Men are also more aggressive negotiators for higher salaries and are four timesas likely to ask for a raise than women.

Also, too, the higher echelons on most occupations are mainly men. Partly this is experience - women’s equality hasn’t been around long for many professions. Partly it is the interruptions and less dedication (aka “a life”) mentioned above for women - they are less defined by what their work is, than by things like “being a mother”, while nobody says of men, “what defines his life? He’s a father.” Possibly sexist, but socially significant.

there’s also gender interests or abilities. The computer field is realtively new - there should be no gender bias. But, the overwhelming number of persons interested in working with computers and delving into the details are men. OTOH, life sciences, IIRC in Canada somewhere starting around 1990 or so the majority of medical school students were women. There’s an observation somewhere about nurturing vs. mechnics.

Finally, there’s the “elbows” phenomenon. It’s said men have sharper elbows; they are more willing to push their way up, push others out of the way, promote their own interest.

Also men, who decide who to promote, are “threatened” by smart or competent women. But sadly, maybe it’s the number of hours, maybe it’s the brain makeup, maybe it’s the lack of distractions like mothering, but most men throw themselves into their occupation or recereational passtime to a greater extent than women. they get the promotions, they higher pay, the recognition, the awards.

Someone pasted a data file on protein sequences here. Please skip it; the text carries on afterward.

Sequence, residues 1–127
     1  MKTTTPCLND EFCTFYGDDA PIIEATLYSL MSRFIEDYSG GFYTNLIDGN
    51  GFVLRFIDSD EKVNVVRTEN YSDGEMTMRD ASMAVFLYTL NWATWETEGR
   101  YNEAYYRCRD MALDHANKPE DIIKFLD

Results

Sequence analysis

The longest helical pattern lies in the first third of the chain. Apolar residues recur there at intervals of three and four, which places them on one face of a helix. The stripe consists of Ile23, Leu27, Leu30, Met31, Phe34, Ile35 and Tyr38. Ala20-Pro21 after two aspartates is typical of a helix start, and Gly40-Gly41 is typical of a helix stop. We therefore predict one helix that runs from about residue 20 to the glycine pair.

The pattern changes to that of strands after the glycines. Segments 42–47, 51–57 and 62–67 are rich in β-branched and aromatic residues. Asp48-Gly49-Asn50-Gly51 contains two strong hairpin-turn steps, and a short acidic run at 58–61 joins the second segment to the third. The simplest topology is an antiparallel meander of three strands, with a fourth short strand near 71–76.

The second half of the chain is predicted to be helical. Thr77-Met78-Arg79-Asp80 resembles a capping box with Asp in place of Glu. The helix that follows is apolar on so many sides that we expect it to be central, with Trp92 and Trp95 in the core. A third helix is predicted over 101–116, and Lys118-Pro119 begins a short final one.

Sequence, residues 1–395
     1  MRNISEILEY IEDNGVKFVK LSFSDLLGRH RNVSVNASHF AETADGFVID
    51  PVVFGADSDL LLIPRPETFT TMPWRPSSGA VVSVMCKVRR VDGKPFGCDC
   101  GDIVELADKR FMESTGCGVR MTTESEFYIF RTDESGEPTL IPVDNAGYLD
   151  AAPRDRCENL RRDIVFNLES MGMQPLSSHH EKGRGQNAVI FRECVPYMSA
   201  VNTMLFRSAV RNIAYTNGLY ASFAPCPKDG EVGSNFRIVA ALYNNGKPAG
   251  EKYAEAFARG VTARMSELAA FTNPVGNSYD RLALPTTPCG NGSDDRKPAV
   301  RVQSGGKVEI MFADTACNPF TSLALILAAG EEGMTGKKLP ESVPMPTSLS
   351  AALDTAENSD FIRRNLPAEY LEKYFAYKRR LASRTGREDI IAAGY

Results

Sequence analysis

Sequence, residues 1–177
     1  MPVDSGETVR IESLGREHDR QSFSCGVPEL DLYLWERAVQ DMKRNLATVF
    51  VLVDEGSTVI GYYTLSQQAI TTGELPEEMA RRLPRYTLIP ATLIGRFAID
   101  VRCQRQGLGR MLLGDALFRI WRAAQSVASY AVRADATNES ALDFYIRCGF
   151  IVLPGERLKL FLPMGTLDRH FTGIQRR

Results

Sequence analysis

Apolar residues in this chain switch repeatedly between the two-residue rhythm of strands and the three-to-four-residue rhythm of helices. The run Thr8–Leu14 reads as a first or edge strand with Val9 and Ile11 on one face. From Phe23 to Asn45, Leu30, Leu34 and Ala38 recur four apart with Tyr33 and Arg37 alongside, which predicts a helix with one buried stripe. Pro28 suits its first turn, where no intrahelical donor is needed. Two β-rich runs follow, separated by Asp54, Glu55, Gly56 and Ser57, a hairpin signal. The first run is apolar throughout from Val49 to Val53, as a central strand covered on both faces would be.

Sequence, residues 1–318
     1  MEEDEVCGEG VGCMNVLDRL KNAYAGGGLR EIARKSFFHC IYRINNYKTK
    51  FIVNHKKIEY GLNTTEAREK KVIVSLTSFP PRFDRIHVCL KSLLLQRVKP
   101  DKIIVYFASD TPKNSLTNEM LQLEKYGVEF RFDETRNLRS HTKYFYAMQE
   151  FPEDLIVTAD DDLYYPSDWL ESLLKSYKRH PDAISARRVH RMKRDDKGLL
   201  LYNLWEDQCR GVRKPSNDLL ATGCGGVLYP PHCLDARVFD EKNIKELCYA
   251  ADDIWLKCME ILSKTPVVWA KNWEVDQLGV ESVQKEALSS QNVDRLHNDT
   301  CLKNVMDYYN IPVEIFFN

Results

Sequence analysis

But when it comes to basic jobs - from clerk at the store to school teacher - pay rates are generallys set and accepted in a gender-neutral way. Just, thanks to “elbows” the school teachers are all paid the same but more men seem to be principals.

Not sure what to call this, but I think it may be a factor:

I have seen one man quit when he wasn’t getting along with co-workers. I have seen three women do that. I have worked with a lot more men than women. I currently work with a male drama-queen, which probably doesn’t stand out as much as if I’d said he was a drama-king, does it?

Now that you mention it, it does seem (antecdotally) like women are much more likely than men to quit an unsatisfying job. That means loss of seniority, and usually lower pay at the new job, at least initially.

I have heard this described as a gender role that may or may not be cultural or genetic. Boys are raised from birth to play team sports and get the job done with their team, even if they don’t personally like some guys. You can’t hunt a mastadon or play a game of baseball by yourself. Girls, OTOH, are less compelled to do group activities. Also, women generally tend to be more empathic or sensitive to social and emotional nuances whereas guys are oblivious to subtle social cues; so are less likely to mistake some social interactions or to pick up on social slights.

One of my pet theories is that women negotiate less during the hiring process. I’ve always wanted to see a comparison between (white-collar) employees who do at least 1 back-and-forth on salary and those who do not.